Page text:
Last week the White House Summit between Canada, Mexico and U.S. or the “Three Amigos” drew little scrutiny from the media. Instead, the Rose Garden coverage centered on President Obama’s remarks cautioning the Supreme Court to forego judicial activism when deciding the fate of Obama care (the decision is expected sometime in June). The weeklong controversy focused on the president’s lack of respect for members of the Supreme Court and sparked outrage from both political parties, forcing Obama’s aides to reinvent the statement.
Meanwhile, America’s northern and southern neighbors quietly suggested the Obama Administration has relegated the once robust partnership into a “frenemies-like” relationship.
While this allegation failed to make headlines in America, Canada and Mexico’s hometown news agencies reported that America’s largest trading partners are suffering through a deteriorating relationship.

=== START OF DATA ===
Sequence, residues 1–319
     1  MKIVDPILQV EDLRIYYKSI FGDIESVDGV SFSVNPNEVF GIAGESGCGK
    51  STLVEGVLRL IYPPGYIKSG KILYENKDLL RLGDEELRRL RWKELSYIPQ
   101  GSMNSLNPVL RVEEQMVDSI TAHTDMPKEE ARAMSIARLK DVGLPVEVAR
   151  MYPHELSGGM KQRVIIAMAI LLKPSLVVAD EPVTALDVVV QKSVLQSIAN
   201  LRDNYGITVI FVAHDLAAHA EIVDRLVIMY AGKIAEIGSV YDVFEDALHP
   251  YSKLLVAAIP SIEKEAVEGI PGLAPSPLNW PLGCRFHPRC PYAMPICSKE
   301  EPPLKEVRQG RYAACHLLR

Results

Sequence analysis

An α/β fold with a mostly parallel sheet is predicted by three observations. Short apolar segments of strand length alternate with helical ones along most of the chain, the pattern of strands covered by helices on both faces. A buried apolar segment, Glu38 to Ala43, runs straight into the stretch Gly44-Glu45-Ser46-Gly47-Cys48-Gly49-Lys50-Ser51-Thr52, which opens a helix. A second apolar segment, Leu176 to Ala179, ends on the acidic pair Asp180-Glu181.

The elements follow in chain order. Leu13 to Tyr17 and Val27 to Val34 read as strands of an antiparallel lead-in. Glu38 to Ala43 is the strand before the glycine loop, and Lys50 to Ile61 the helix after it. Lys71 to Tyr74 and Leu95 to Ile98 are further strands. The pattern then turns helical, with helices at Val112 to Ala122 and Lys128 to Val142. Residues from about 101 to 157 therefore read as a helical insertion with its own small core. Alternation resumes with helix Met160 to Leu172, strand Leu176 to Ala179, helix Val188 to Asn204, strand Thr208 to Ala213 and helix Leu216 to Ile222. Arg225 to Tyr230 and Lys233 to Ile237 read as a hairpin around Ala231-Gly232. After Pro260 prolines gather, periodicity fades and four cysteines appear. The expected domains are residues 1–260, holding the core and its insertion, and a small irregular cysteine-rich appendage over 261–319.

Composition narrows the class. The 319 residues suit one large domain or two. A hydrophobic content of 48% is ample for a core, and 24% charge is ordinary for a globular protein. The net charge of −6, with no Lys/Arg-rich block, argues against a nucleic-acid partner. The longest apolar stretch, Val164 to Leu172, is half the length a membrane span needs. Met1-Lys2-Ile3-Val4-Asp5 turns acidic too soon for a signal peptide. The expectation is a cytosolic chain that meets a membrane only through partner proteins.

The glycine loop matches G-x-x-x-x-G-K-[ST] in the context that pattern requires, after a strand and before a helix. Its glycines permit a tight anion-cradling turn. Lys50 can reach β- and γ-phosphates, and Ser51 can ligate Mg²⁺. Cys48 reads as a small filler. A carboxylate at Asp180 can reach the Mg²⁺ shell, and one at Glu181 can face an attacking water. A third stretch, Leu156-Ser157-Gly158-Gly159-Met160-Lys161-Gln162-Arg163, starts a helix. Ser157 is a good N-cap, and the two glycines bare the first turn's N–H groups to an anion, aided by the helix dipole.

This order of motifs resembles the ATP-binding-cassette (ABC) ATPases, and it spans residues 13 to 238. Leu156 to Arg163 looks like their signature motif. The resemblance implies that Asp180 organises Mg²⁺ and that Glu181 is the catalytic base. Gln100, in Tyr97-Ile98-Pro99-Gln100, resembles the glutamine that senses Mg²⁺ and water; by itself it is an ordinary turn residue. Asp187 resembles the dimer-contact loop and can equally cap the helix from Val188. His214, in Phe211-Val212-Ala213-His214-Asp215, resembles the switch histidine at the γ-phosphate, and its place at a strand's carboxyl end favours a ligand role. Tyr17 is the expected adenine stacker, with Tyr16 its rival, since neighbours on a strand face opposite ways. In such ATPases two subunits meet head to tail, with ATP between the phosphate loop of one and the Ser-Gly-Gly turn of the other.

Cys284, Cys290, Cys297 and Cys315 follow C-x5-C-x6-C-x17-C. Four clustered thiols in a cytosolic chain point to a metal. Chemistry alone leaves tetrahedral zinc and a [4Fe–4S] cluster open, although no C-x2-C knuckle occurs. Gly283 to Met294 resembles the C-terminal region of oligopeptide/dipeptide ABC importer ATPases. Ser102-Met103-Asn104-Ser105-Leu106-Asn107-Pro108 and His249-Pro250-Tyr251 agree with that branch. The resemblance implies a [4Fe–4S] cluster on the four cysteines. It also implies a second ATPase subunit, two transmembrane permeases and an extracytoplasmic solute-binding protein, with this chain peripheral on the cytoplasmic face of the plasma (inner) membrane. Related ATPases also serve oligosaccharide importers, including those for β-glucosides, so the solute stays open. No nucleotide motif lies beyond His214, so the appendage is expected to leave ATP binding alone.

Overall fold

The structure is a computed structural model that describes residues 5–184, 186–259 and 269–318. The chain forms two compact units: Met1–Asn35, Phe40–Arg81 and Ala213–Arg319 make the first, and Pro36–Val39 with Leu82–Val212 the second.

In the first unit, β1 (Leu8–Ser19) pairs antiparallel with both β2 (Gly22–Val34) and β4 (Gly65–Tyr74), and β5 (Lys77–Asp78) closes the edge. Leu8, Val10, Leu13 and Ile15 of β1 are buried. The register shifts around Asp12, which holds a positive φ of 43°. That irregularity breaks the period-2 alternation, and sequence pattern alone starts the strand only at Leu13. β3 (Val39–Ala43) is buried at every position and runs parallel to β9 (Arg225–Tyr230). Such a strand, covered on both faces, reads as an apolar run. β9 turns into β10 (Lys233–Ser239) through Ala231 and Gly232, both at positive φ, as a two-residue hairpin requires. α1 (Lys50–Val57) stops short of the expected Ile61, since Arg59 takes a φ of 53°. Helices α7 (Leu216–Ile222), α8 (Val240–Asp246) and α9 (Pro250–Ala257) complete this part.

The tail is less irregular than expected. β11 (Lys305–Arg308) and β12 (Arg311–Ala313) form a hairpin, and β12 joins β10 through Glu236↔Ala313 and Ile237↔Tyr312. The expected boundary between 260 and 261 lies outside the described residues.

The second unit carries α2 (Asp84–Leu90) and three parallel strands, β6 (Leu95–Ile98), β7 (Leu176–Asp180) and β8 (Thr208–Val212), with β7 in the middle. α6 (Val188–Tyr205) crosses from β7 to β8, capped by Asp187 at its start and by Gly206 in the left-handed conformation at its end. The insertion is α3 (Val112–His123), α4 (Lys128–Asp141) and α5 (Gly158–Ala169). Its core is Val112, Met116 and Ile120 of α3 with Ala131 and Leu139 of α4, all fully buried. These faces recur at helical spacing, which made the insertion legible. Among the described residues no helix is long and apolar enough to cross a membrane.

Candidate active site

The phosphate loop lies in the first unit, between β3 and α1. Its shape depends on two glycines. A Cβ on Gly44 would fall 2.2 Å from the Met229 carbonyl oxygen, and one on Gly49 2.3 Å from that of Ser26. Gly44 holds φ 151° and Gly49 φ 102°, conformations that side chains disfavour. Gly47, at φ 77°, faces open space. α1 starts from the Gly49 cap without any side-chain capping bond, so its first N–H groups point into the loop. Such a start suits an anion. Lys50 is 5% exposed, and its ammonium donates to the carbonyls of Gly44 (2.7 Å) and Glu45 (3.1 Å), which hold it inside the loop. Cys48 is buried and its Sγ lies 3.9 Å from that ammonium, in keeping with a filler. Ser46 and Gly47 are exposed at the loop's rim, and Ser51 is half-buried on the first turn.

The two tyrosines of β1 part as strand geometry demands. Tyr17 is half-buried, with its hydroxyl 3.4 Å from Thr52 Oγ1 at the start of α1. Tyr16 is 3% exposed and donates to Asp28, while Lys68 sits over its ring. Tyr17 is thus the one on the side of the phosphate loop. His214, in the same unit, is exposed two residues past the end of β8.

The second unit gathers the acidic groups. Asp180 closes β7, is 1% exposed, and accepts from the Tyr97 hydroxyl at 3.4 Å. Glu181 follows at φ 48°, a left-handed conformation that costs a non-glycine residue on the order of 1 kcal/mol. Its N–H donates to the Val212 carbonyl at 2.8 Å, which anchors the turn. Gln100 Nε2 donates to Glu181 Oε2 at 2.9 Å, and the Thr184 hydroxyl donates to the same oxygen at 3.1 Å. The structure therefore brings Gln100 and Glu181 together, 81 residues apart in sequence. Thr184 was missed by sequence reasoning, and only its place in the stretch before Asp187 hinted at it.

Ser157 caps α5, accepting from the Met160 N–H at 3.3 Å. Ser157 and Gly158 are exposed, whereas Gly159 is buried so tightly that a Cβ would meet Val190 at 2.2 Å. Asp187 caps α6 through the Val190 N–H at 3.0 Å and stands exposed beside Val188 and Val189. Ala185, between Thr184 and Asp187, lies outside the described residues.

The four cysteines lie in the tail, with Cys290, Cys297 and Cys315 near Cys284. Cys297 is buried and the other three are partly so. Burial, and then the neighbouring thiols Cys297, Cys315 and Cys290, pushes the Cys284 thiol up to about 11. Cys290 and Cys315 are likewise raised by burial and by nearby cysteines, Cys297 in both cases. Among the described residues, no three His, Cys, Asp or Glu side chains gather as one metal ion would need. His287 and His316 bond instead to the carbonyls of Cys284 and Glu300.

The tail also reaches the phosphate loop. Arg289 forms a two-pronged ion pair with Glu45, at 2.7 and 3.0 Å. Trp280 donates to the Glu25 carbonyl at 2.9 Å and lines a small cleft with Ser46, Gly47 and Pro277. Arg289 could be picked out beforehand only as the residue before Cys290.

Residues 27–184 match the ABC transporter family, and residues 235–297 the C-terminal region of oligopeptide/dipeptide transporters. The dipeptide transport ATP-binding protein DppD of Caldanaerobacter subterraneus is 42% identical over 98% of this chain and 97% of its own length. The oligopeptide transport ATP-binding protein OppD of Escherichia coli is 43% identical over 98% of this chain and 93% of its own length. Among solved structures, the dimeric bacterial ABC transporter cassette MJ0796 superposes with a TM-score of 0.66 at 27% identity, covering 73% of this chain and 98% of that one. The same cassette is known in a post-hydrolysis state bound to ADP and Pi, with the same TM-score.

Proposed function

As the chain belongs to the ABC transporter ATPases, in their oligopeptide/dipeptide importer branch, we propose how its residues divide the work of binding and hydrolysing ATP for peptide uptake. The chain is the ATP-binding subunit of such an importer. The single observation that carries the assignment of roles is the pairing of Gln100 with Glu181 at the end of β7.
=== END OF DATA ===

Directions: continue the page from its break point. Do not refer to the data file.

Fortunately for Americans, the Canadian and Mexican press told the real story. Canada’s National Post quoted former Canadian diplomat Colin Robertson as saying the North American Free Trade Agreement (NAFTA) and the three-nation alliance it has fostered since 1994 have been so neglected they’re “on life support.” Under NAFTA Canada closely aligned itself with America providing a positive trade rapport for both countries.
“NAFTA gave us a serious relationship with Mexico but, as Monday’s summit illustrated, we continue to be a somewhat reluctant partner,” Robertson said. “Taking advantage of our shared continent is a good idea, but it requires vision and boldness if we’re to realize the advantage of resources, market and labor.”